Erika and John Montag
Jamie and Leah Myers
Kristin Ahlberg and Phil Myers
Bill Nefsky
Bob and Mary Nefsky
Network for Good
Rick Cohn and Ben Neuman
Buzz Neusteter and Judi Perrill
Brule & Thad Kurowski and Katy Neusteter
Lee Anne Hartley and Tom Nevers
Geraldine and Jay Newmark
Robert Oppenheimer
PepsiCo (Matching Gifts)
Laurie and Todd Platt
Jerry and Jill Polacheck
Jennifer Pritzker, IL ARNG (Ret)
David and Kim Reich
Frank and Joan Revson
Hana Ruzicka Rivkin and Steven Rivkin
Don Robertson
Janet and Lee Rodgers
Cindy and Jon Rogen
Anthony and Marya Rose
Jim and Sherri Rosen
Carol Rosenblatt
Ellie and Trent Rosenbloom
Keri Rosenbloom and Jonathan Tobak
John and Nancy Ross
Lauren Katz and Joel Rubenstein
Gail G. Ifshin and Steven Salky
Mike Samuels
Laury and Lewis Scharff
Lee and Martha Schimberg
Bennett and Shelley Schmidt
Wendy Schoppert
Lynn and Max Schrayer
Carol and Jeff Schulman
Andrew Schwarz
Ed and Laura Schwarz
Monique and Robert Schweich
Glenda and Jim Seldin
Colleen Carroll and Mitch Semel
Joe and Sara Shacter
Jodi and Tom Shapira
Susie Ansehl and Rand Shapiro
Allan and Judy Sher
Bob and Natalie Silverman
Linda and Ron Sklar
Grace Slosburg
Krista Nelson and Tucker Slosburg
Michael Sobel
Geula and Josh Solomon
Nancy Chasen and Don Spero
Frank Star
Elena Stein
Nardie and Sally Stein
Perrin and Ted Stein
Elise and Richard Steinbaum
Corky and Rick Steiner Family Foundation
Ann and Will Stern
Alexandra Ackerman and David Stern
David Stern and Mary Elizabeth Calhoon Stern
Emily Glasser and Bill Susman
Brian and Carolyn Swett
TAWANI Foundation
Alan and Jo Anne Travis
Madge Treeger
Viasat, Inc. (Matching Gift)
Judy and Roger Wallenstein
Esther Starrels and John Wasserman
David and Michelle Weber
Michael Weinberg (II)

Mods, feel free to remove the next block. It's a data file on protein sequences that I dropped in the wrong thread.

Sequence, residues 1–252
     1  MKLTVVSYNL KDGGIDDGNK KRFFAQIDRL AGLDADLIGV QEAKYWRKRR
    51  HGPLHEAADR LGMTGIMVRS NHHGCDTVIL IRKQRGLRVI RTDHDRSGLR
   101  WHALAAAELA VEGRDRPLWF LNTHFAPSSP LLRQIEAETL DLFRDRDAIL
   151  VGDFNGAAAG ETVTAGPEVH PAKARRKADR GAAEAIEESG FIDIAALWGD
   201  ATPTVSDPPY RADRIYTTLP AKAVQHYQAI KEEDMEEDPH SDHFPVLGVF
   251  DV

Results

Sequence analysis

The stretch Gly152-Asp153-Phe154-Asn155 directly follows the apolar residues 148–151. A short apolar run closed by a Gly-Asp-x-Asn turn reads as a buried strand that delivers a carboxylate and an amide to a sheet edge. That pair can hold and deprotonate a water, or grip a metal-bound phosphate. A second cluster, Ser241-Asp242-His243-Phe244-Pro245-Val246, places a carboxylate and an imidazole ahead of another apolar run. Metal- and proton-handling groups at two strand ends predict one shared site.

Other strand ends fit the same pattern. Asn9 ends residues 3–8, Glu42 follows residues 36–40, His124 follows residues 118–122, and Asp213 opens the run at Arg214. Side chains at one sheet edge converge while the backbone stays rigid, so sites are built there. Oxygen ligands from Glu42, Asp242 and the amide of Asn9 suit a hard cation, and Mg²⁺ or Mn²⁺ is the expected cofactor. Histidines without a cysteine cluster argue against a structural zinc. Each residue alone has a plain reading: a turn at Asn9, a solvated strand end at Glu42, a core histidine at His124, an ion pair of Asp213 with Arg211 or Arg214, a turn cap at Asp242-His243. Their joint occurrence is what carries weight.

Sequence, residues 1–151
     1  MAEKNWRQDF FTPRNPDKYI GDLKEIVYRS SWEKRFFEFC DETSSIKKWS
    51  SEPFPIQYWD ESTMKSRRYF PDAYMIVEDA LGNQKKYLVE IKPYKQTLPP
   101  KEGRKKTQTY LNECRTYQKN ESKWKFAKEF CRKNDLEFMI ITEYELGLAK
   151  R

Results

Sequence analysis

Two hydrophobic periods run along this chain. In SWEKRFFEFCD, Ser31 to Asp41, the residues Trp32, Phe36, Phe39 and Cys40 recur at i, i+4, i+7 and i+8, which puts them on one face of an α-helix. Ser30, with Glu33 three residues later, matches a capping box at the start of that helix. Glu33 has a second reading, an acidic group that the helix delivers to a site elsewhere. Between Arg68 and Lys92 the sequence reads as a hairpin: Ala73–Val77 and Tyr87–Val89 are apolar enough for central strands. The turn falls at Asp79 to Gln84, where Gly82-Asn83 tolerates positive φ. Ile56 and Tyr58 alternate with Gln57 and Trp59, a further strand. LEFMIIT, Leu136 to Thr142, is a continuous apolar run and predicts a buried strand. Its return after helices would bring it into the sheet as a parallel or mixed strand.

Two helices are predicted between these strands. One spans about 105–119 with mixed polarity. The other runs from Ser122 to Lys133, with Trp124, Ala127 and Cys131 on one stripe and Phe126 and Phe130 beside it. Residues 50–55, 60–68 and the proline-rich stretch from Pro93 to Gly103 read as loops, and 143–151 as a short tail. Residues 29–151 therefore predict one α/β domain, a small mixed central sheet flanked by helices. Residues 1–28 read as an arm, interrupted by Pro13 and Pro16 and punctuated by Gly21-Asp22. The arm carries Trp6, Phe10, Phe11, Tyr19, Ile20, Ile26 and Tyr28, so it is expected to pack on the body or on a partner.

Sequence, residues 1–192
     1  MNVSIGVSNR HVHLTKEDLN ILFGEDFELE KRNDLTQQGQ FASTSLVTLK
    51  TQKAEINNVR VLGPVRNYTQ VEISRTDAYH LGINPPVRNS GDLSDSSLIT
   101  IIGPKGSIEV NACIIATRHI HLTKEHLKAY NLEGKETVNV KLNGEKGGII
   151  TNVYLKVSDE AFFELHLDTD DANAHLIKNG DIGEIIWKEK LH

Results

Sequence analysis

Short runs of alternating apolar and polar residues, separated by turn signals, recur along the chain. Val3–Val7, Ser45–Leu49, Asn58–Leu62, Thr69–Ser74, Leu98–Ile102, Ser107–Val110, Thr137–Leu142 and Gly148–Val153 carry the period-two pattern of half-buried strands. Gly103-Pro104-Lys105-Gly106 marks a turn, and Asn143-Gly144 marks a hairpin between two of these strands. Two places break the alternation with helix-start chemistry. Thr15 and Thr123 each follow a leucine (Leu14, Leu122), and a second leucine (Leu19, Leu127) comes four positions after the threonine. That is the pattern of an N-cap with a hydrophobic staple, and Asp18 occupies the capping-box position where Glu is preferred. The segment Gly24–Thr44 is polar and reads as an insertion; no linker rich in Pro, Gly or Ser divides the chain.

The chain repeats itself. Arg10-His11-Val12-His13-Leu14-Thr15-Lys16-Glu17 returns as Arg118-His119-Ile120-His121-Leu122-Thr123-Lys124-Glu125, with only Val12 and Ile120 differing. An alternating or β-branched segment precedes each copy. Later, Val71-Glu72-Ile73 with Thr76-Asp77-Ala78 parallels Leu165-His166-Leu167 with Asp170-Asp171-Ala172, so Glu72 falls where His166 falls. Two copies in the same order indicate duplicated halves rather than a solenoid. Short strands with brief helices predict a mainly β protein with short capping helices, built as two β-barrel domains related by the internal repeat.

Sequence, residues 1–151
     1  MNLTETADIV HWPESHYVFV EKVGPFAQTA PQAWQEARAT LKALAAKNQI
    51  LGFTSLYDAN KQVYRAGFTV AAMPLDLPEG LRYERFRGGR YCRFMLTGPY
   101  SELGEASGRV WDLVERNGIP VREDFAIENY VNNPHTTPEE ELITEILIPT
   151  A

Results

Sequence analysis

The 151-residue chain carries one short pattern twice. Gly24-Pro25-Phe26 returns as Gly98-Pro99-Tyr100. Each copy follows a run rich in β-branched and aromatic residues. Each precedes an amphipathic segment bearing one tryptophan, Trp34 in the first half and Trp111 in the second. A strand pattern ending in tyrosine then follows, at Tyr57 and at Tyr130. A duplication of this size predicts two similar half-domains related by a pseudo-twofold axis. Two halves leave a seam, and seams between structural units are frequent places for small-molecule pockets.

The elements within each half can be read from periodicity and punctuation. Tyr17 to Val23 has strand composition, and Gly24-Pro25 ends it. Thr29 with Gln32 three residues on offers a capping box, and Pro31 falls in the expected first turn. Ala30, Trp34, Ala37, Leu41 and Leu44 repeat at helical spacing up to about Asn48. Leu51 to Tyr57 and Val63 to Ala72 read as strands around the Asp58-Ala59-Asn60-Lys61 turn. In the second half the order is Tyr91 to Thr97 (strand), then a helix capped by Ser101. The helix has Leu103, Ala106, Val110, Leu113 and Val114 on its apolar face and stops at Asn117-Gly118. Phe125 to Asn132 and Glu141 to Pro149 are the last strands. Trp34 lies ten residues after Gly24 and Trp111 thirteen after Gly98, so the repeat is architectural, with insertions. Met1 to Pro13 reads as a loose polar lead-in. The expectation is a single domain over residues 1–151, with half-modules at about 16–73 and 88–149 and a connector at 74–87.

Cathy and Craig Weiss
Hank Wineman
Henry (Hank) and Trudi Wineman
Adam and Deborah Winick
Michael Woldenberg
Lee Wurtzburger
Emily and Jason Yale
David Zalk
Cory Zigler
Judy and Lon Zimmerman
John Zuraw

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Recent Donors to Camperships for Nebagamon

Camperships for Nebagamon (CFN) was established in 1995 to enable children who would not otherwise have the opportunity to have a camping experience. Over the years, the CFN endowment fund has provided camperships for boys to attend Nebagamon and girls to attend Camp WeHaKee. Campers receiving camperships help to diversify their camp communities by virtue of their racial, ethnic, religious and socioeconomic status. In addition, CFN continues the tradition of support to sons and grandsons of Nebagamon alumni who demonstrate financial need.

Over the past decade, more than 500 Camperships have been given out to more than 250 boys and girls attending Nebagamon and WeHaKee. Over $2 million has gone to support the cost of tuition and related expenses for these boys and girls.

The following individuals, foundation, and corporations supported CFN from November 1, 2020, through April 30, 2021:

Keith Abeles and Amy Levin
Steve Addison
Richard Allman
Amazon Smile Foundation
Anonymous
Pam and Tom Arenberg
Jeanne and Michael Aronoff
Art and Marian Auer
Deb and Joe Badt
Andrew and Elizabeth Baer
Camilla and Frank Baer
Nancy and Richard Baer
David and Karen Balser Family
Bob and Linda Barrows
Charlie Barrows
Jim and June Baumoel
Allen Bennett
Bert and Joan Berkley
Rita Bernstein
Simon and Susan Blattner
Bob Bloom and Alison Kamine
Susan and Tony Blumberg
Jim Blumenfeld and Chris Cooney
Adam and Julie Braude
Elizabeth and John Breyer Jr.
Hugh Broder
Dale Brodsky
Ann and Ken Brown
Spencer Brown
Jean and Mark Burnstine
Mark Caro and Mary Dixon
Marcia and Mark Cherniack
Bob and Stacie Chukerman
Andrew Joseph (Andy) Cohen
Andy Cohen
Carol Bayersdorfer Cohen and Ed Cohen
Ellie Cohen
Mitch Cohen and Stephanie Tomasky
Ralph Cohen
Patricia and Richard Cohn Family
Bonnie and Mike Cole
Kevin Cole
Michael Coletta
Jeff Colman and Ellen Nissenbaum
Louis Coppersmith
Hank Crane
Jennifer Daskal
Jane Davis
Becky and Raven Deerwater
Bill and Leann Dexter
Jessie and Scott Diamond
David Dreifus and Jennifer Sosensky
Luise Drolson
Bill Dubinsky and Elizabeth Moss
Bob Dubinsky and Sarah Rubenstein
Adam Eberhard
Judy-Ann Ehrlich
Deborah and Joe Eppstein
Peter Fechheimer and Jeannette F. McNeil
Kelli Cohen Fein, M.D. and Marty Fein
Jim Feldman and Christine Taylor
Brad Foxman
Adam Frapart
Bill and Laura Freeman
Barbara and Richard Fried
Bill Friedman and Marissa Jones